Friday, 9 February 2018

A lifetime of words

When I was a teenager I used to take a handwritten or hand-typed copy of pieces of literature that struck a chord with me. I did it as a child, too, but didn't keep those pieces. The teenage years are in a ring-binder and I found it at the back of a cupboard the other day. I had copied Kathleen Raine, Ted Hughes, Kalil Gibran, Seamus Heaney, e e cummings, Charles beatty and lots of others. Even a smidgen of Wordsworth, but probably not the one everyone knows -

For why? Because the good old rule
Sufficeth them; the simple plan,
That they should take who have the power,
and they should keep who can.

There are odd snippets like this one by someone called Tamburas:
Stand still, O Time.
I shall never know why,
You white wall, I love you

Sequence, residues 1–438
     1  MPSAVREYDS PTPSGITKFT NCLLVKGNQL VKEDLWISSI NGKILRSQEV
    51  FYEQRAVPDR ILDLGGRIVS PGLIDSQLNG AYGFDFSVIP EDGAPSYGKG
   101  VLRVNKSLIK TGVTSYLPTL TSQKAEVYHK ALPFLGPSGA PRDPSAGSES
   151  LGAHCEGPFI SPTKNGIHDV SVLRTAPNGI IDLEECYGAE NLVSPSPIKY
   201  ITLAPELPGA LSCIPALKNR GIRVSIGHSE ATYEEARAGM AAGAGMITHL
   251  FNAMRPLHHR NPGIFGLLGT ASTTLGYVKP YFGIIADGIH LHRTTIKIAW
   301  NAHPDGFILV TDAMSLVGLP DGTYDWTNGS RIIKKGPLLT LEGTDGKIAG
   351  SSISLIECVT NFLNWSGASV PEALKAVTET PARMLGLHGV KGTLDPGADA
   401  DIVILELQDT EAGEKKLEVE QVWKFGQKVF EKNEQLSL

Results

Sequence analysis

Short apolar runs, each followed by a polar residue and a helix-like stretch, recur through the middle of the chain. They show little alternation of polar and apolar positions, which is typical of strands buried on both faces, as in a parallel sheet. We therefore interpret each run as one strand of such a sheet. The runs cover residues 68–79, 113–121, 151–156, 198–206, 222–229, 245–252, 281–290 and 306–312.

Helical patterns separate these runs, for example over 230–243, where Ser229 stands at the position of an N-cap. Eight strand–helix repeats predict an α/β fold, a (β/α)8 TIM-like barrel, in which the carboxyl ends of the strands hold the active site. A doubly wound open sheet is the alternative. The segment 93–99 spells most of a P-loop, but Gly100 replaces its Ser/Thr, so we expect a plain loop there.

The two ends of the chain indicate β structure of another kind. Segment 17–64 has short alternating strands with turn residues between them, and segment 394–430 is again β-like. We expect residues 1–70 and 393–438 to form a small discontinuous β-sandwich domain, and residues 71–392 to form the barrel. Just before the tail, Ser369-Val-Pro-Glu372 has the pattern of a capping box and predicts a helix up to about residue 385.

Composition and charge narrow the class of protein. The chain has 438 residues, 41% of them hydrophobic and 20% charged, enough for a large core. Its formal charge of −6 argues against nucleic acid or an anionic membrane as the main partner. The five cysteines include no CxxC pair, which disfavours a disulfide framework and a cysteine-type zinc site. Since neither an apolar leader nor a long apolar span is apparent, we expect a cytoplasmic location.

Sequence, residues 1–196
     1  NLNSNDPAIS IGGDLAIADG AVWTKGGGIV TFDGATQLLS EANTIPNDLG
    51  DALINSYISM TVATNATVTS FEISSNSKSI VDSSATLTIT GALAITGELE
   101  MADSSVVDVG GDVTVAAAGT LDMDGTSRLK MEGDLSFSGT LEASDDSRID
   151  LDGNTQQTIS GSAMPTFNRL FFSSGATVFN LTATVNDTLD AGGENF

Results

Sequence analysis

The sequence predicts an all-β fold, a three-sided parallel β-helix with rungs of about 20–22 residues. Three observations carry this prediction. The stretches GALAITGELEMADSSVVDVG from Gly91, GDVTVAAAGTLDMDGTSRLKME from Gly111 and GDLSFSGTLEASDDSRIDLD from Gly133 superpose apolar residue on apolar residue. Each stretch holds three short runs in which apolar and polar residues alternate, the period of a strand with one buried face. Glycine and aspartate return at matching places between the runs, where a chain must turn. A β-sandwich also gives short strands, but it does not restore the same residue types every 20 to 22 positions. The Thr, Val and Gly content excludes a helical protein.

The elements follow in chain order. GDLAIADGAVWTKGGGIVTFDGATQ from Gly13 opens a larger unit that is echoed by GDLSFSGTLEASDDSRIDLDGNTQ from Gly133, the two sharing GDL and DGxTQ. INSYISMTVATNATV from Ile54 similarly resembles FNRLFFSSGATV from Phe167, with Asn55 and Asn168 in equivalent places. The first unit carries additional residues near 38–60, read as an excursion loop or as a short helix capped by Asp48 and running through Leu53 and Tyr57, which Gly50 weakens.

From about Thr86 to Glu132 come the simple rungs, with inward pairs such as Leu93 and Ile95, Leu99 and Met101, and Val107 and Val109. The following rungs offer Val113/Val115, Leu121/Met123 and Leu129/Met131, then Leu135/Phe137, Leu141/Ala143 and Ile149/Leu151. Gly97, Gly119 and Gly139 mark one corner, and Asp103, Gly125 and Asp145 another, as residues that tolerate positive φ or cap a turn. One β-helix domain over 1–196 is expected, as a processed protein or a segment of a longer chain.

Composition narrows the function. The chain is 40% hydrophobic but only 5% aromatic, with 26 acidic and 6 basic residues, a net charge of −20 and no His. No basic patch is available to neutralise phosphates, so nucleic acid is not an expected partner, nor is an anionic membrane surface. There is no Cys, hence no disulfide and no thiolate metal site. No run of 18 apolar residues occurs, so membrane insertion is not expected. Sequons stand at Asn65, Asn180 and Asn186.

Like a woman I never saw before.
The blue of the sky reflects the Nile.

I love you, Men-nefru,
For in the magic of your streets
And in the orange-coloured moon
Of your night
Dwells the breath of the gods.

From poetry I ventured into prose and there are chunks from T H White, Rosemary Sutcliff, and an author I have noted down as M Savage. From there I deviated into all sorts of odd things - the breeding line of Nijinsky and Mill Reef, for example and scrapbooks on the JFK assassination, and Nureyev's defection to the west. Some of this collection stemmed from the fact that I worked in ICI where several daily papers and magazines were received and processed into the library - if I saw anything interesting I could snip it (once the item had ben processed) and read or copy it at my leisure. Reading through the pieces I kept still gives me pleasure today, but I'm mot sure that I still have those scrapbooks, but it is possible. Maybe I'll turn into a hoarder in later life!

No comments: